On April 9, the U.S. Court of Appeals for the 11th Circuit held that a consumer’s insurance repayment plan on her reverse mortgage did not qualify as an escrow account under RESPA’s Regulation X. According to the opinion, a consumer’s reverse mortgage required her to maintain hazard insurance on her property, which she elected to pay herself, and did not establish an escrow account with the mortgage servicer to pay her insurance and property taxes. After her insurance lapsed, the mortgage servicer advanced her over $5,000 in funds paid directly to her insurance carrier to ensure the property was covered, subject to a repayment agreement. After the consumer failed to make any payments under the agreement, the servicer initiated a foreclosure action against the consumer and obtained a forced-placed insurance policy when the insurance lapsed for a second time. Ultimately, a state-run forgivable loan program brought the consumer’s past due balance current and excess funds were placed in a trust to cover future insurance payments on the property. The consumer filed an action against the mortgage servicer alleging the servicer violated RESPA’s implementing Regulation X when it initiated forced-placed insurance, because the repayment agreement purportedly established an escrow account, which required the servicer to advance the funds for insurance. The district court entered judgment in favor of the servicer.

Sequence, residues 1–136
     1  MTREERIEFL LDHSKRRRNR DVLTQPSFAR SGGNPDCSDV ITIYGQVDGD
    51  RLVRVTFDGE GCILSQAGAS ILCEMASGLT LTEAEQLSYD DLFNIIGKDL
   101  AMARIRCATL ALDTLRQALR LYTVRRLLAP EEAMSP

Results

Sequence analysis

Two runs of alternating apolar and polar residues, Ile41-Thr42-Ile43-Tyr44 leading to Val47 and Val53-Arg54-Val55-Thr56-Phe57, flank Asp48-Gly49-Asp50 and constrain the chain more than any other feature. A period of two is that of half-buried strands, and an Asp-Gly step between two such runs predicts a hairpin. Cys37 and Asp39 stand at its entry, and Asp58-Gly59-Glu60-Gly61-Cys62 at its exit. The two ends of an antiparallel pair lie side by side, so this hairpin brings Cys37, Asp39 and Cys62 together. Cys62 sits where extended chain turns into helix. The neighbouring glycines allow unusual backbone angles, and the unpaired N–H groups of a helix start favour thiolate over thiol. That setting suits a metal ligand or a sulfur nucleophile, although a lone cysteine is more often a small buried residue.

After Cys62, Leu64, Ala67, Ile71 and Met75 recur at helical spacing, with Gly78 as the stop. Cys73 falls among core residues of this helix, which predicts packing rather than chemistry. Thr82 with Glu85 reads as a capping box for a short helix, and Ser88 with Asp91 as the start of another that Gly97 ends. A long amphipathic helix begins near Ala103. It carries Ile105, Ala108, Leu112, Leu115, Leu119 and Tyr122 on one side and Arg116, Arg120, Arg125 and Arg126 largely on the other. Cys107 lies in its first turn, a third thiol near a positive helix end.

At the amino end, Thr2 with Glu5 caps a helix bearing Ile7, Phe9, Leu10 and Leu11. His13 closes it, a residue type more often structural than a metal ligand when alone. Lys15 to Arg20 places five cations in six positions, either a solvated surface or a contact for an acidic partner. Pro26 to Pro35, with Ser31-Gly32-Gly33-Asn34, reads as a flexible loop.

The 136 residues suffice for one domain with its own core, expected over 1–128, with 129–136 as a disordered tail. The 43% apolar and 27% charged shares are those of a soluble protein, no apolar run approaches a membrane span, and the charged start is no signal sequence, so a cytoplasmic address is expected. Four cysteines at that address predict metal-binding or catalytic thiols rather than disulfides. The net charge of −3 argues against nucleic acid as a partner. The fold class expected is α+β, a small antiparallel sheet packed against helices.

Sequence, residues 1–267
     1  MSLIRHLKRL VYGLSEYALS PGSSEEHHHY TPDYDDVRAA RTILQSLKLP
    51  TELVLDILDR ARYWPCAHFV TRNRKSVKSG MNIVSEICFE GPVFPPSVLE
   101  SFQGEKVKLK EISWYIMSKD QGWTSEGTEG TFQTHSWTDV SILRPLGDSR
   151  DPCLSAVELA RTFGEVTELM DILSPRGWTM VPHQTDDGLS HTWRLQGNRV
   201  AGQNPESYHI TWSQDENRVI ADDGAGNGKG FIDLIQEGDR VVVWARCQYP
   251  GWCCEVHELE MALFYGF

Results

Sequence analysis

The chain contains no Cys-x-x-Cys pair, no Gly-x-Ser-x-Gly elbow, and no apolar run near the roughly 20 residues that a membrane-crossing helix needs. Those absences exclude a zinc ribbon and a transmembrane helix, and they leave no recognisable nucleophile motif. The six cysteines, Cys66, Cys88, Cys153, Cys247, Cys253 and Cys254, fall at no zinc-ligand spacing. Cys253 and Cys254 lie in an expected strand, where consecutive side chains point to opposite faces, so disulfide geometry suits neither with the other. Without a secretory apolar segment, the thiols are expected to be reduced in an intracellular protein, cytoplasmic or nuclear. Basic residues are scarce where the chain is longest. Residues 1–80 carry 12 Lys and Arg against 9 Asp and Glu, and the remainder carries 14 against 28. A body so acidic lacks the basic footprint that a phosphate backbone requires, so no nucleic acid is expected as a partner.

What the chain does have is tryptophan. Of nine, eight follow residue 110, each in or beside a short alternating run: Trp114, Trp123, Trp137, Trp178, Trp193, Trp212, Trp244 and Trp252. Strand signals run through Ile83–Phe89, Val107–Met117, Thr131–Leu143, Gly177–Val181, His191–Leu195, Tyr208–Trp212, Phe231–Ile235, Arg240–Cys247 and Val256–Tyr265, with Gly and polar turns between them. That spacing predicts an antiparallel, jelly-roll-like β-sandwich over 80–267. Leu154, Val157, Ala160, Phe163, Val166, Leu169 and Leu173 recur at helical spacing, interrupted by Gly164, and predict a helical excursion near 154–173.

On appeal, the 11th Circuit agreed with the district court, concluding that no escrow account existed between the consumer and the servicer, emphasizing that nothing in the repayment agreement set aside funds for the servicer to pay insurance or taxes on the property in the future. The 11th Circuit rejected the consumer’s characterization of the repayment agreement as an arrangement under Regulation X “where the servicer adds a portion of the borrower’s payment to principal and subsequently deducts from principal the disbursements for escrow account items.” The 11th Circuit reasoned that not only did the consumer never make a principal payment to the servicer, the consumer’s characterization is “entirely inconsistent” with the reverse mortgage security instrument. Because the servicer never deducted anything from the principal when it disbursed funds to pay the insurance, the repayment agreement did not qualify as an escrow agreement under Regulation X.
5th Circuit: Loan originators cannot be liable for loan servicers’ violations of RESPA loss mitigation requirements